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I have solved with Mathematica 9 the following integer inequalities using Reduce:

eq = Reduce[
  m (k - 1) + (k - 2) == c k && m >= 2 && k >= 2 && c >= 1, {k, m, 
   c}, Integers, Backsubstitution -> True]

(* (k | m | c) \[Element] Integers && k >= 2 && m >= 2 && 
 c == (-2 + k - m + k m)/k *)

better = Reduce[
  m (k - 1) + (k - 2) <  c k && m >= 2 &&  k >= 2 && c >= 1, {k, m, 
   c}, Integers, Backsubstitution -> True]

(* (c \[Element] Integers && k == 2 && m == 2 && 
   c >= 2) || ((m | c) \[Element] Integers && k == 2 && m >= 3 && 
   c > m/2) || ((k | m | c) \[Element] Integers && k >= 3 && m >= 2 &&
    c > (-2 + k - m + k m)/k) *)

worst = Reduce[
  m (k - 1) + (k - 2) >  c k && m >= 2 &&  k >= 2 && c >= 1 , {k, m, 
   c}, Integers, Backsubstitution -> True]

(* ((m | c) \[Element] Integers && k == 2 && m >= 3 && 
   1 <= c < m/2) || ((k | m | c) \[Element] Integers && k >= 3 && 
   m >= 2 && 1 <= c < (-2 + k - m + k m)/k) *)

Now I need to plot them. However, using RegionPlot3D I can only plot a region made of reals, while the solutions are integers. What is the proper way to plot the solutions when the domain is Integers ?

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1  
This answer should be helpful mathematica.stackexchange.com/questions/10388/… –  Artes Mar 19 '13 at 10:26
    
Yes, it is. Thank you. –  Massimo Cafaro Mar 19 '13 at 12:00
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1 Answer

up vote 7 down vote accepted

Update: you can use your conditions to define the RegionFunction in ListPointPlot3D without having to use Reduce. For example, for the set better:

 ListPointPlot3D[Tuples[Range[20], 3], ImageSize -> 500,BoxRatios -> 1,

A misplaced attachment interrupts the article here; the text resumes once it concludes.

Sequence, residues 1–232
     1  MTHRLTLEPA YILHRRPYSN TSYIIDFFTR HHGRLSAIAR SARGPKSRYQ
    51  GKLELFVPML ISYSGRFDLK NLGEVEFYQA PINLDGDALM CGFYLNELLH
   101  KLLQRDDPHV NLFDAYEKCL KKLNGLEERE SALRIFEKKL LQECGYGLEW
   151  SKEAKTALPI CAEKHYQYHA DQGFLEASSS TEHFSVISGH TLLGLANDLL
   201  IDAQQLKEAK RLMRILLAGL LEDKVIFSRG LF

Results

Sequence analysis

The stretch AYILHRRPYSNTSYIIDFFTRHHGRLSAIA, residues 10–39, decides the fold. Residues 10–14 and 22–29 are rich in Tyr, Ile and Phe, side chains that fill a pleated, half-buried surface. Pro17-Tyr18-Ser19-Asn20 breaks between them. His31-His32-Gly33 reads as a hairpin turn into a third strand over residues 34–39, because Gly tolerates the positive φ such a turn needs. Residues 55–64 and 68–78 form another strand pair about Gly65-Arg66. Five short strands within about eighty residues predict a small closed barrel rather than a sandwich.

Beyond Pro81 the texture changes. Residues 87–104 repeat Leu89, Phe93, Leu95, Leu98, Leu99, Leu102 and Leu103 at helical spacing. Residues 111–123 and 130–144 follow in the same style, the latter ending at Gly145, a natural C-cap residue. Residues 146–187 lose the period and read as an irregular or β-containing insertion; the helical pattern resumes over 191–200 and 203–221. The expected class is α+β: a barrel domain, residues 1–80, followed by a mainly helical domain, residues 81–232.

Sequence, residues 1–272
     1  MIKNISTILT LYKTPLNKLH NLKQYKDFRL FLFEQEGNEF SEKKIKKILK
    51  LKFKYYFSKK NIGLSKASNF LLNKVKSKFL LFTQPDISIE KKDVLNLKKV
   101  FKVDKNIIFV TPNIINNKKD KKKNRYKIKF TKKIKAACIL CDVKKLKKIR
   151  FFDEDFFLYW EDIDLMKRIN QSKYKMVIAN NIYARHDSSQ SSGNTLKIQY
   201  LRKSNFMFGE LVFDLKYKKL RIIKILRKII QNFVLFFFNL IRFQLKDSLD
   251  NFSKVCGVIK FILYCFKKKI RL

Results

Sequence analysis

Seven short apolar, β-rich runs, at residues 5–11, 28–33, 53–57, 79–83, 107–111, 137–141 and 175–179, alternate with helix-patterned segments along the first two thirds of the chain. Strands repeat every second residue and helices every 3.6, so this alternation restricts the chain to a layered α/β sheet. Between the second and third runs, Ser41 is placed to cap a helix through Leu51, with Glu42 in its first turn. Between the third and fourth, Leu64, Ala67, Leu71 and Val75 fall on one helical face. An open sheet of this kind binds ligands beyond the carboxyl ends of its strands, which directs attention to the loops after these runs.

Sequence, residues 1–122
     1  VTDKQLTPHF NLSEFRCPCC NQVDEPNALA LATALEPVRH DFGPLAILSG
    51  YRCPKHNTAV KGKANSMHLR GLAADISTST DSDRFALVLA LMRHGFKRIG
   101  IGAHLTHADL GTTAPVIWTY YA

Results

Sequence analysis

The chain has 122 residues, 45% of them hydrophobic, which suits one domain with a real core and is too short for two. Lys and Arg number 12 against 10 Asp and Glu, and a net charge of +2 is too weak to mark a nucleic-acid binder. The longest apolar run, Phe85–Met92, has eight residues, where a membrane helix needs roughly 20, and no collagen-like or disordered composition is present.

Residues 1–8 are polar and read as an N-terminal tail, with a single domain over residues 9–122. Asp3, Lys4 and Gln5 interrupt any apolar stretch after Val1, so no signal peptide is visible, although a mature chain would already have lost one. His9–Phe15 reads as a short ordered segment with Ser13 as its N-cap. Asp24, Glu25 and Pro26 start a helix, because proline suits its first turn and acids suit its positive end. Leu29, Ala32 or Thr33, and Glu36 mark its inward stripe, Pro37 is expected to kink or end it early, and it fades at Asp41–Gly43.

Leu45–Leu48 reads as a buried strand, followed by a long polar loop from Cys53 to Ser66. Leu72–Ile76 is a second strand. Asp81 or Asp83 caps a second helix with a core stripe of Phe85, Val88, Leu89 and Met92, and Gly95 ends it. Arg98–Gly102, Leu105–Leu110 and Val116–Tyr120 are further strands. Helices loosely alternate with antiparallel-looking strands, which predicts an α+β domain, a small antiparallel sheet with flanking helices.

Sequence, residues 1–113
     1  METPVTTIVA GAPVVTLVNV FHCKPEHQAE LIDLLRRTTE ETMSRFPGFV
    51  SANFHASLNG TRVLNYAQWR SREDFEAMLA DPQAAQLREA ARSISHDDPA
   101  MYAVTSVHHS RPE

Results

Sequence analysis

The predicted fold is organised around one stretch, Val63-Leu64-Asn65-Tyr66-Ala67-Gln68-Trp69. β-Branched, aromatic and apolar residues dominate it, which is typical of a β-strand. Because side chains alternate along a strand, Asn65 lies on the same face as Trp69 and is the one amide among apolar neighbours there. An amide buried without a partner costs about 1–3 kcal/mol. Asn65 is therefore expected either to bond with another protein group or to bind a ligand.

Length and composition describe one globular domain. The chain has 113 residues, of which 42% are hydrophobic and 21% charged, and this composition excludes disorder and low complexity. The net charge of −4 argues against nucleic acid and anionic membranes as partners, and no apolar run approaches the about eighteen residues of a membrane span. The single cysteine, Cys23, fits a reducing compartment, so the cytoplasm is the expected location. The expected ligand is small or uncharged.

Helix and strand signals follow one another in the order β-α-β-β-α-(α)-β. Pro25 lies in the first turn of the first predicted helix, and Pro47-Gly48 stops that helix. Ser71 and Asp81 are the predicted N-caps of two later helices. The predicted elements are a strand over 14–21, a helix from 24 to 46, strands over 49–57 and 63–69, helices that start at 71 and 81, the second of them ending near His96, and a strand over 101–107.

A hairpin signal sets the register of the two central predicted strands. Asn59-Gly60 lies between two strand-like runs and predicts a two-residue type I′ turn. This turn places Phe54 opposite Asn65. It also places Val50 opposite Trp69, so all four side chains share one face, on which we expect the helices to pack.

RegionFunction -> Function[{m, k, c}, 
   m (k - 1) + (k - 2) < c k && m >= 2 && k >= 2 && c >= 1] ]

enter image description here


You can use Graphics3D or ListPointPlot3D using all the integer solutions that lie in the plot range of your choice:

dom =0 <= k <= 20 && 0 <= m <= 20 && 0 <= c <= 20; (* this plays the role of PlotRange *)
eq = Last /@ # & /@ {ToRules[
 Reduce[m (k - 1) + (k - 2) == c k && m >= 2 && k >= 2 && c >= 1 && dom,
    {k, m, c}, Integers, Backsubstitution -> True]]};
better = Last /@ # & /@ {ToRules[
  Reduce[m (k - 1) + (k - 2) < c k && m >= 2 && k >= 2 && c >= 1 && dom, 
    {k, m, c}, Integers, Backsubstitution -> True]]};
worse = Last /@ # & /@ {ToRules[
  Reduce[m (k - 1) + (k - 2) > c k && m >= 2 && k >= 2 && c >= 1 && dom,
    {k, m, c}, Integers, Backsubstitution -> True]]};
Graphics3D[{PointSize[.02], Opacity[.3], Blue, Point@better, Green, 
   Point@worse, Opacity[1], Red, Point@eq}] 

enter image description here

ListPointPlot3D[{eq, better, worse}, 
  PlotStyle -> {Directive[PointSize[.02], Red], Blue, Green}, BoxRatios -> 1]

enter image description here

share|improve this answer
    
Great answer. Thank you very much for spending your time answering; I learned a lot about visualization in Mathematica today. –  Massimo Cafaro Mar 19 '13 at 11:58
    
@Massimo, my pleasure. –  kguler Mar 19 '13 at 12:08
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